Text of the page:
Posts filed under ‘genomics’
I grew up in the southern state of a country in the Southern Hemisphere, South Australia. No geography confusion there. At the moment I’m living in the northernmost region of another country in the same hemisphere, which means I’m living in the north, even though for most of the world with internet access it’s still the south. However from my perspective, and that of Chileans, Arica is a northern extremity. It’s also extreme thanks to its exceptionally dry climate, which trumps that of my home town, Adelaide, which is also noted for aridity.
Arica is also an interesting place to be right now because Chile’s president, Sebastián Piñera, popped up this week for a celebration. The occasion was the day during the War of the Pacific (not to be confused with the Pacific War), when Chile took this region from Peru. Or more specifically, a big rock by the beach in Arica.
You might ask what I’m doing here, besides brushing up on South American history and international relations and taking South American Spanish classes. Despite reaching intermediate level in Spain, I needed classes because the language on this continent is different. So much so that I’m reading a book called “How to survive in the Chilean jungle,” which is not a guide to a jungle at all (I’m on the edge of the Atacama Desert), but rather the vocabulary unique to this skinny but vast nation.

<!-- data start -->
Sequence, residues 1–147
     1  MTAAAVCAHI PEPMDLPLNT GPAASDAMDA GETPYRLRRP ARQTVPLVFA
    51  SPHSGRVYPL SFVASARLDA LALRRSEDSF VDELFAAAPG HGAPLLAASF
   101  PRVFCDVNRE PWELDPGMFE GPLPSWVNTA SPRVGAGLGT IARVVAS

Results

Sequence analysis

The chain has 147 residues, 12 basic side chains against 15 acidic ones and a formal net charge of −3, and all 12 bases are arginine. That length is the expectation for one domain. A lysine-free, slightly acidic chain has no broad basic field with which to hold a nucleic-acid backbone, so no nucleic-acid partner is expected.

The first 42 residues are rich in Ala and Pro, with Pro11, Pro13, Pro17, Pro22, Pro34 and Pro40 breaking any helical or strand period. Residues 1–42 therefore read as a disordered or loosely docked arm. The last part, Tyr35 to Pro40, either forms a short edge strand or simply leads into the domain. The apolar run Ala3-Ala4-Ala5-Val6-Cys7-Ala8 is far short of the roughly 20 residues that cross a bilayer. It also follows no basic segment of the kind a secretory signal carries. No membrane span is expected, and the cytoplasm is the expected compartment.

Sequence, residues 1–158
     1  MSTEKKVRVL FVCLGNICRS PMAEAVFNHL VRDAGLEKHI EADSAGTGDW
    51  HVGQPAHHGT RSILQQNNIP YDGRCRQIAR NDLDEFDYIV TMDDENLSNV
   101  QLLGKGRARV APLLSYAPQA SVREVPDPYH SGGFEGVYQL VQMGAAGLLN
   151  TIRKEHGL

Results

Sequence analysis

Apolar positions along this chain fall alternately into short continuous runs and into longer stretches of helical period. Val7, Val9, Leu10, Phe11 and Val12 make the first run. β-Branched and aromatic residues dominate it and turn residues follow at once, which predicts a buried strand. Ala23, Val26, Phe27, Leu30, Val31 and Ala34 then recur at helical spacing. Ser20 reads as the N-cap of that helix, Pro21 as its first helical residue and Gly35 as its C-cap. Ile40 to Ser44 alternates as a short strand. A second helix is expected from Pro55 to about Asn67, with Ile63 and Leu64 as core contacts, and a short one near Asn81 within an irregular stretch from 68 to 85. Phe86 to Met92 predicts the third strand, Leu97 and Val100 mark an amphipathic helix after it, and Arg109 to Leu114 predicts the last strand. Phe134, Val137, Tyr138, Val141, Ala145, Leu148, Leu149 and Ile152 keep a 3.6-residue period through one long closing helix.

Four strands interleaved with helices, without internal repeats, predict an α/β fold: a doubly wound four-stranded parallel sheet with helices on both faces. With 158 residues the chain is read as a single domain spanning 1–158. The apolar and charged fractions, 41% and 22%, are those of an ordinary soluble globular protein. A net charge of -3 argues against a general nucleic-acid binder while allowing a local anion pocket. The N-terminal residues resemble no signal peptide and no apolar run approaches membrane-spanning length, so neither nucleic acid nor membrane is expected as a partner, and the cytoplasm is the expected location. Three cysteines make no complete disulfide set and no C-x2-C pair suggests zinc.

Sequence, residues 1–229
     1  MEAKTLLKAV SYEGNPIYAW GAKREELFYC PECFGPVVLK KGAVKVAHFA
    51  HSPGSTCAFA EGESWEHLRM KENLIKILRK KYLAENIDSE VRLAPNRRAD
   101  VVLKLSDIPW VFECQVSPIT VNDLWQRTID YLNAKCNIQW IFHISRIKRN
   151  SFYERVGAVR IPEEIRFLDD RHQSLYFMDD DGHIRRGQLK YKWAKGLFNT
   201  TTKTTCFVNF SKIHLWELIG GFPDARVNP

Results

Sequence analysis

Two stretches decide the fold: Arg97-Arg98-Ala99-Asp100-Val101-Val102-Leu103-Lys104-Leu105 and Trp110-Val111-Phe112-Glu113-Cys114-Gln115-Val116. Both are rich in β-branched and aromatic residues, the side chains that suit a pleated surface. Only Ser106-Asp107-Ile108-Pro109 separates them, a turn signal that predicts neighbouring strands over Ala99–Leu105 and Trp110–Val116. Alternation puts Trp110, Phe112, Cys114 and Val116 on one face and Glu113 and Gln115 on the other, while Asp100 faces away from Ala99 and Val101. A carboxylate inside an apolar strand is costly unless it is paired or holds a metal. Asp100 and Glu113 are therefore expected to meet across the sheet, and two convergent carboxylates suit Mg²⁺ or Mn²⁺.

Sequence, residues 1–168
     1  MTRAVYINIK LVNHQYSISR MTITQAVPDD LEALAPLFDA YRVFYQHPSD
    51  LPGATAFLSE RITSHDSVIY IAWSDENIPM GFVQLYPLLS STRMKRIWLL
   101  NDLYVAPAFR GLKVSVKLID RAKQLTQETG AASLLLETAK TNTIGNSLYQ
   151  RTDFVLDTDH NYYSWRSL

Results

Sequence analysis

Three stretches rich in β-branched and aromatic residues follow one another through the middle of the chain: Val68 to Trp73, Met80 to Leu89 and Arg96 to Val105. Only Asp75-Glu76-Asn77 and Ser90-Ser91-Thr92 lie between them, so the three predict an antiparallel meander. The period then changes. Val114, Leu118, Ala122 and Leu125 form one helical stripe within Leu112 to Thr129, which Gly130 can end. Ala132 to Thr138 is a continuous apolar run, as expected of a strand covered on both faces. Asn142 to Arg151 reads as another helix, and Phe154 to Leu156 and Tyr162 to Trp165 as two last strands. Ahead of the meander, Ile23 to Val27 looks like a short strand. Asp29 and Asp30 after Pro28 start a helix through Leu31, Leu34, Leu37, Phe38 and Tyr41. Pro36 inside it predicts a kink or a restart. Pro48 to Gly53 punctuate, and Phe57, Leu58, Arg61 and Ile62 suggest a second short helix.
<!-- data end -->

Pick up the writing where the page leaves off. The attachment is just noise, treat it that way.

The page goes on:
As well as polishing my thesis I’ve been editing on a series of videos. They’re for one of the research institutes based at the University of Adelaide I’ve worked with before, the Australian Centre for Plant Functional Genomics. You can see one here. I filmed the content before I left the country. I have my camera with me, so you can expect content from South America down the track.
An international team of scientists has developed salt-tolerant plants using a new type of genetic modification (GM), bringing salt-tolerant cereal crops a step closer to reality.
The research team – based at the University of Adelaide’s Waite Campus – has used a new GM technique to contain salt in parts of the plant where it does less damage.